Projective and affine planes and spaces; change of coordinates; projective transformations; and conics. Prerequisite: MTH 231.

Calculus on Euclidean space frame fields, calculus on a surface, shape operators, and geometry of surfaces in Euclidean 3 space. Prerequisite: MTH 232.

(Also listed as CEG 476.) The principles of the design, use, and understanding of computer graphics systems. Covers basic drawing techniques, line and polygon clipping, two- and three-dimensional transformations, segmentation, projections, and three-dimensional viewing. Graphics standards (GKS and PHIGS) and hardware are discussed. Each student will create a menu-driven, interactive graphics package capable of generalized three-dimensional viewing. Prerequisite: MTH 253 or 255, CS 400.

(Also listed as CEG 477.) Continuation of MTH 476. Covers selected topics in detail including hidden line and surface removal, shading models, curved surface generation, and color models. Students are expected to understand and implement sophisticated algorithms in these areas. Projects are individualized and creative. Selected papers are used for in-depth material. 3 hours lecture, 2 hours lab. Prerequisite: MTH 476.

**480-3 Methods of Applied Mathematics: Geometric Methods
**

Basic mathematical tools for the description of physical systems in three-dimensional space: vector and tensor analysis, matrices, and curvilinear coordinate systems. Prerequisite: MTH 232, 253 or 255.

**481-3 Methods of Applied Mathematics: Differential Equations
**

Solution methods for ordinary differential equations commonly arising in physics and engineering. Systems of equations, linear spaces, eigenvalue problems, Sturm-Liouville theory, and orthogonal functions. Additional topics selected from Bessel and Legendre functions, stability theory, Liapunov's methods, autonomous systems and the Poincare phase plane, and existence and uniqueness theorems. Prerequisite: MTH 233; MTH 355 or 480.

**482-3 Methods of Applied Mathematics: Integral Methods
**

Use of integral transforms in the solution of differential and integral equations. Fourier series, Fourier and Laplace transforms and inverses, integral equations, and Green's functions. Prerequisite: MTH 332 or 434; MTH 355 or 480.

**488-1 to 5 Independent Reading
**

Topics vary.

**491-3 Undergraduate Mathematics Education Seminar
**

Detailed study of the connections within mathematics and between mathematics and school mathematics. May be taken for letter grade or pass/unsatisfactory. Prerequisite: MTH 432, or Senior standing and permission of instructor.

**492-3 Undergraduate Mathematics Seminar
**

Detailed study of a single mathematics topic chosen by the student with the approval of the instructor. The student will present the results of the study in an expository paper submitted to the instructor, and also present them to a broader audience. Prerequisite: MTH 432 or 452 or senior standing and permission of instructor. Limited to mathematics majors except those in the statistics option. May be taken for a letter grade or pass/unsatisfactory.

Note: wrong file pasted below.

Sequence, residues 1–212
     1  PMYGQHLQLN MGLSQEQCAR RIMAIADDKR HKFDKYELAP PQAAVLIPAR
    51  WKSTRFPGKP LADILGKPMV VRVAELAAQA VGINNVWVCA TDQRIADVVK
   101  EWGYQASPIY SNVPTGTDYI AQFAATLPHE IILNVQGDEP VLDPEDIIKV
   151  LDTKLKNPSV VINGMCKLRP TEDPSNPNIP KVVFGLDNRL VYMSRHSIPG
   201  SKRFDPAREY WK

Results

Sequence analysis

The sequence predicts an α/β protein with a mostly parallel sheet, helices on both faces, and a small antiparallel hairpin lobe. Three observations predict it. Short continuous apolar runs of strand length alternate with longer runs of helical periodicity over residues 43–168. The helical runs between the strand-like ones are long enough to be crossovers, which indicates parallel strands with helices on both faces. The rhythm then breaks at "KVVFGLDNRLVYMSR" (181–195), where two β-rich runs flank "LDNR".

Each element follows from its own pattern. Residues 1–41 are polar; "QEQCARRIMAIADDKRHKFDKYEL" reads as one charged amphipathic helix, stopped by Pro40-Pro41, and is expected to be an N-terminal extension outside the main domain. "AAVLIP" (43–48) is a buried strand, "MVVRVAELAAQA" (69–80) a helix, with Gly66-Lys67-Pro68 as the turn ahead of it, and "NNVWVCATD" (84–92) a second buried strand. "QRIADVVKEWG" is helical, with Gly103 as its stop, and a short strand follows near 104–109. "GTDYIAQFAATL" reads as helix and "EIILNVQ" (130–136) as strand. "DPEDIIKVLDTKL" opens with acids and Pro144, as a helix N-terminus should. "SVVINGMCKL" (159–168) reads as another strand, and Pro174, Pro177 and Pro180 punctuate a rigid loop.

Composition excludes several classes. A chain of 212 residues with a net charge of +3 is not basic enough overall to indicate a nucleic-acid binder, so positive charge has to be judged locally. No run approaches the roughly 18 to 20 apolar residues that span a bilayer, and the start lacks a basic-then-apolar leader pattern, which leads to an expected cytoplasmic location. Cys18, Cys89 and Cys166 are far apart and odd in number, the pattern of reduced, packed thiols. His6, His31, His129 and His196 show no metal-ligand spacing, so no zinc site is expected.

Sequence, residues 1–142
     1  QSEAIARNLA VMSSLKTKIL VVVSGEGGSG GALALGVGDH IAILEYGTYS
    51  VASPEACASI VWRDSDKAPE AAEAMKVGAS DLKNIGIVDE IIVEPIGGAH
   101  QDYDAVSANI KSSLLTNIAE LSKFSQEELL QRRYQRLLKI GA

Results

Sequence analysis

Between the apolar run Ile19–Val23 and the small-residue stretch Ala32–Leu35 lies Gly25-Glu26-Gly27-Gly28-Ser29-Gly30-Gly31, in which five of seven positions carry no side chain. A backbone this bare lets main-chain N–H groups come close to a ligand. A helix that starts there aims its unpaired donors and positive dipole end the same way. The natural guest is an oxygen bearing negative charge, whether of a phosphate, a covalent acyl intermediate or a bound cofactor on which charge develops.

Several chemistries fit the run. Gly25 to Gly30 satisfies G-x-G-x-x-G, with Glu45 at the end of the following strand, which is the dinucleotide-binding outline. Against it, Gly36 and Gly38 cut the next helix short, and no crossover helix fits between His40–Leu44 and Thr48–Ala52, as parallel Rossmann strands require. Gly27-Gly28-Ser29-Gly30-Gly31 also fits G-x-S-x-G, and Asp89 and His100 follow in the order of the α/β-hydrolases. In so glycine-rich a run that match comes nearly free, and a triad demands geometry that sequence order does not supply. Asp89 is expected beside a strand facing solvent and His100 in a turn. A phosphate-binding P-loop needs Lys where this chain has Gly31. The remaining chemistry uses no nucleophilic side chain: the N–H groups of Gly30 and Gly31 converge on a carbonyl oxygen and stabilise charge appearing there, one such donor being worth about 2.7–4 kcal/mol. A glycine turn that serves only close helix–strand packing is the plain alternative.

Selected topics in mathematics.

**Mechanical and Materials Engineering/ME**

**Note:** See quarterly class schedule or departmental advisor for further enrollment restrictions, requirements, or special course information.

**199-3 Introduction to Engineering Design
**

Introduction to the principles and practice of mechanical and materials engineering design. Fundamental design philosophy using a hands-on approach, including topics such as safety, ethics, and product liability. Teamwork and communicated skills are stressed.

Basic techniques of computer-aided engineering drawing. Graphic primitives, drawing, editing, dimensioning, multiple views, hatching, drawing intelligence, and three-dimensional modeling. 1 hour lecture, 2 hours lab. Prerequisite: Completion of fundamental course in engineering drawing.

Basic concepts of engineering drawing with applications to manual and computer-aided drafting: Multiview projections; sectional, auxiliary, and pictorial views; dimensioning; and intersections and developments.

Forces, resultants, components, equilibrium of particles, equilibrium of rigid bodies, centroids and centers of gravity, analysis of structures, friction, and moments of inertia. Prerequisite: MTH 231 and PHY 240.

Vector treatment of the kinematics and kinetics of particles and rigid bodies, based on Newton's laws and including work-energy and impulse-momentum techniques. Prerequisite: ME 212, PHY 240.

**220-3 Introduction to Manufacturing Processes
**

Fundamentals of manufacturing processes, materials, measurement and quality assurance, casting processes, forming processes, material removal processes, joining processes, and other processes and techniques related to manufacturing.

Discusses axial and shear stresses and strains, bi-axial loading, torsion of circular shafts, shear and bending moment diagrams, deflection of beams, and column theory. 4 hours lecture, 2 hours lab. Prerequisite: ME 212, PHY 240, EGR 153.